Xenon, poem from the “Periodic Table of Poetry” by Chicago poet Janet Kuypers


Xenon

Janet Kuypers

from the “Periodic Table of Poetry” series (#054, Xe)
4/27/13

I don’t care
that you’re no
Zena warrior princess,
I just can’t stand
those high-intensity
headlights of yours
at night.

You may numb me
from my pain
if I breathe you in,
but the only good
your brightness may do
is that your excitement
may add color and life
to my plasma tee vee.

But, you know,
if I love outer space,
I should like the fact
that you are the propellant
in Ion drives —
because if Xenon is the ion,
it can be shot out of a rocket
in outer space,
forcing the rocket
to move faster and faster
through the void
of outer space.

Then again,
I’m not going to outer space,
and there’s no funding
to get us humans
into outer space
right now anyway…

So I’m sorry.
you may think
you’ve got some
bright ideas,
but when I’m driving
at night,
sometimes I think
you should keep
some of your ideas
in check.


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Jelaluddin Rumi Persian Poet Videos


Rumi Persian poet
Rumi, was a 13th-century Persian poet, jurist, theologian, and Sufi mystic.
From Peacefulrivers

Born in what is present day Afghanistan in 1207, he produced his master work the Masnawi which consists of over 60,000 poems before he died in 1273. The best way to fully say in words his impact, is that he has the ability to describe the Indescribable, Ineffable– God.

Rumi moved to Turkey to avoid Ghengis Khan and lived in Turkey most of his life. His pivotal work The Works of Shams Tabriz, is considered a masterpieces and one of the greatest works of Persian literature.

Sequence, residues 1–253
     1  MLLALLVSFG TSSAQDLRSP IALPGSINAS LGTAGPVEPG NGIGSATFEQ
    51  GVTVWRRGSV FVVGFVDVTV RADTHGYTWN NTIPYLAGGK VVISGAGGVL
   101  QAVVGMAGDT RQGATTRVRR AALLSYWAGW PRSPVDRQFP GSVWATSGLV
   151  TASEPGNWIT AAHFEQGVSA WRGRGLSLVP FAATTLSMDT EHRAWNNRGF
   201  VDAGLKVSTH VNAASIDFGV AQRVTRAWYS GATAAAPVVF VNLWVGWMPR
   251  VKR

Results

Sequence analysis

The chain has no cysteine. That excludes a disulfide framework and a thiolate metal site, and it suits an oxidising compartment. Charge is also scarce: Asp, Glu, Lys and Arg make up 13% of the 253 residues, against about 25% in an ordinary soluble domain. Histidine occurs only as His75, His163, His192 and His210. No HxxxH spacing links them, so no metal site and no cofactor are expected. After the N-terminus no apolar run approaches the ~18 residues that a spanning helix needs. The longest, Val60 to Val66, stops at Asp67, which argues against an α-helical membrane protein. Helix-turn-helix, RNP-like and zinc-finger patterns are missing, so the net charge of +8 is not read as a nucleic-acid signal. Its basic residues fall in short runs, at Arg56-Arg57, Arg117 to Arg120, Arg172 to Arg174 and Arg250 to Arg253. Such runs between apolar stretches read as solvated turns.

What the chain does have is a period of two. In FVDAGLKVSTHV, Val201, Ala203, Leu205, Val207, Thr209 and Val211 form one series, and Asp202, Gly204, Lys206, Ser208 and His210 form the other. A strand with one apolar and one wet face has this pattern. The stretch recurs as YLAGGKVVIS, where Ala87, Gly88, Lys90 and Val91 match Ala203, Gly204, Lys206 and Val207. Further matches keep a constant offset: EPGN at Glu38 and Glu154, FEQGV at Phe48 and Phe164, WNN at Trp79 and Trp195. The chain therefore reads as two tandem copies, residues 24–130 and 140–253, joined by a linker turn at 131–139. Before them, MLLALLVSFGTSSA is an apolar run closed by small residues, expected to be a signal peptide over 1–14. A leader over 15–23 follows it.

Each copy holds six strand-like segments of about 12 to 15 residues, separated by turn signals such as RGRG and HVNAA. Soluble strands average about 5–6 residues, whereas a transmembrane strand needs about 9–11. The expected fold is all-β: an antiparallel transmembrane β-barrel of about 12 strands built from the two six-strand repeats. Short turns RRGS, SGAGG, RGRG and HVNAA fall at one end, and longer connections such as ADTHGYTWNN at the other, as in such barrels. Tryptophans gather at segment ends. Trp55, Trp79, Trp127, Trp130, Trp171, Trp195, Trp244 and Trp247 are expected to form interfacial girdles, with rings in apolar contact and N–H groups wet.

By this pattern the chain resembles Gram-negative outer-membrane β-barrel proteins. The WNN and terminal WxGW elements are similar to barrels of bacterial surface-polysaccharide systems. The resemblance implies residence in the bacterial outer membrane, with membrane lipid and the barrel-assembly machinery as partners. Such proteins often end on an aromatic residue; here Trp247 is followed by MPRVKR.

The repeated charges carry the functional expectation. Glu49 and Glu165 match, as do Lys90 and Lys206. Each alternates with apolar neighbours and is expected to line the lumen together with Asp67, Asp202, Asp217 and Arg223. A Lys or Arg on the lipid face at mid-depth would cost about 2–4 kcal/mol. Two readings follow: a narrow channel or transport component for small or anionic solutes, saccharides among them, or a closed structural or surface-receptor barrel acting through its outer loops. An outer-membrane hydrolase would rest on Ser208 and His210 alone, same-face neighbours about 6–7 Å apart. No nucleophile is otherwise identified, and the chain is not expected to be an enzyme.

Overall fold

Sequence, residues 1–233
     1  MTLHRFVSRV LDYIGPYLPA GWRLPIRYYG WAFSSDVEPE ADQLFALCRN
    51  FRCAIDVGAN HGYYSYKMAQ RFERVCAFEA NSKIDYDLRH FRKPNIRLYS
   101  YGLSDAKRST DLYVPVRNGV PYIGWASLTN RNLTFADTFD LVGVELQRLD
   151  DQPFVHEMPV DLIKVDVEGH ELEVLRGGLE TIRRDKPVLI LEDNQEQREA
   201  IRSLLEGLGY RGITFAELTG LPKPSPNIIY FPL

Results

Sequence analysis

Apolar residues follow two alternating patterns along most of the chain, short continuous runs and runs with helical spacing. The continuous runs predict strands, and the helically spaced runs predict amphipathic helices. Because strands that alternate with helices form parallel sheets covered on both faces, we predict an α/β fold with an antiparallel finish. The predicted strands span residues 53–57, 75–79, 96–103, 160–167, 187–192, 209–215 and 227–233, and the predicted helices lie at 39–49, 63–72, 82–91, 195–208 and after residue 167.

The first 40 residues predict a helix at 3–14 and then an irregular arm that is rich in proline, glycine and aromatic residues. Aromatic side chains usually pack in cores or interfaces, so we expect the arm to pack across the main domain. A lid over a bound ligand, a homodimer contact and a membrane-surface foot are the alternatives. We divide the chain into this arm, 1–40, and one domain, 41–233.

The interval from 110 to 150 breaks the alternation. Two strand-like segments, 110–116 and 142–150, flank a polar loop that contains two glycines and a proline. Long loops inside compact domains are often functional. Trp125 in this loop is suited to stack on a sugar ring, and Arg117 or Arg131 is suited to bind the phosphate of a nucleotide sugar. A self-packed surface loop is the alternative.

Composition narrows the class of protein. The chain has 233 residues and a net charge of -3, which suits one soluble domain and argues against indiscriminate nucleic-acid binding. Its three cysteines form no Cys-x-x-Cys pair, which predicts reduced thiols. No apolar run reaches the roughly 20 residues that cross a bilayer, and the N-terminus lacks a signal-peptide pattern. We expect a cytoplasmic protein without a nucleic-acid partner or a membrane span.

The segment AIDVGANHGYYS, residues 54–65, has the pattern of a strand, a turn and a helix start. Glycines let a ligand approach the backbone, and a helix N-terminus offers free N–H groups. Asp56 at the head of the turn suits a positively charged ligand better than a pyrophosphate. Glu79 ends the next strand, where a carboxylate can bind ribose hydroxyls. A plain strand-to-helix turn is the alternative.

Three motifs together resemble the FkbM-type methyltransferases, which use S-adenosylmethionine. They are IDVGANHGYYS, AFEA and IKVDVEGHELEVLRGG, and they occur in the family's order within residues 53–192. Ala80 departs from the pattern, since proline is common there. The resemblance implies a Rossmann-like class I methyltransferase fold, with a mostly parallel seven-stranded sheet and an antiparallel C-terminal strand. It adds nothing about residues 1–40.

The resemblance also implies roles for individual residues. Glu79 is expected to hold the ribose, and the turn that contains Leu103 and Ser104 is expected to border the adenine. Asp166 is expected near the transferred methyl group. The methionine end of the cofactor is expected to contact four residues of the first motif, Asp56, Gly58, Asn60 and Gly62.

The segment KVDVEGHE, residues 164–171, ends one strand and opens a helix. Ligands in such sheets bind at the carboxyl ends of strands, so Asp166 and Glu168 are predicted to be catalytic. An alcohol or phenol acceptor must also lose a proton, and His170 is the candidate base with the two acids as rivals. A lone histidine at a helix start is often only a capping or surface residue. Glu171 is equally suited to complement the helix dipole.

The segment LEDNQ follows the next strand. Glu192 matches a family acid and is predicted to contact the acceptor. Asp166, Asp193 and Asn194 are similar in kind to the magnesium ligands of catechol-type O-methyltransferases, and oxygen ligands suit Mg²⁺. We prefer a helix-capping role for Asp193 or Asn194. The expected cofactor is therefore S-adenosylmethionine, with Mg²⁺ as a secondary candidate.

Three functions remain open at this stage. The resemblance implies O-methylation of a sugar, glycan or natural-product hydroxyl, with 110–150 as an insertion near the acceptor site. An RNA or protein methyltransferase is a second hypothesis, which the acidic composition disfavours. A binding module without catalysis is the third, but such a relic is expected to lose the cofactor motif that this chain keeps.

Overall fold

There is very little difference
between a song and a poem,
between a poem and a story,
between a story and a prayer.”

 

Here is a full documentary:


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Audiobook On The Road Jack Kerouac


on_the_road_audiobook_on_the_roadon_the_road_audiobook_on_the_road
From Amazon
bible of the Beat Generation, the essential prose accompaniment to Allen Ginsberg’s Howl. While it stunned the public and literary establishment when it was published in 1957, it is now recognized as an American classic. With On the Road, Kerouac discovered his voice and his true subject—the search for a place as an outsider in America.
From Britannica
Kerouac’s insistence upon “First thought, best thought” and his refusal to revise was controversial. He felt that revision was a form of literary lying, imposing a form farther away from the truth of the moment, counter to his intentions for his “true-life” novels. For the composition of haiku, however, Kerouac was more exacting. Yet he accomplished the task of revision by rewriting. Hence, there exist several variations of On the Road, the final one being the 1957 version that was a culmination of Kerouac’s own revisions as well as the editing of his publisher. Significantly, Kerouac never saw the final manuscript before publication. Still, many critics found the long sweeping sentences of On the Road ragged and grammatically derelict.


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I am the clown by Dandelion de La Rue


flatsm

I am the clown

On the red bicycle

Riding through the foggy streets

Blaring my little horn

Laughing wildly, madly

at all the

irrelevancies

And absurdities.

And the reverent quests

For self-importance.

The clown can also

watch the dance,

The struts and strides

And smiling well dressed

Charms of those who

Claim to know Reality.

And when it gets too Serious

He can jump up shouting,

His red nose on his face

And orange hair and big white mouth

Permanently smiling

And he can shout

But it’s absurd! It’s all just

So absurd!

And ride his bicycle away.


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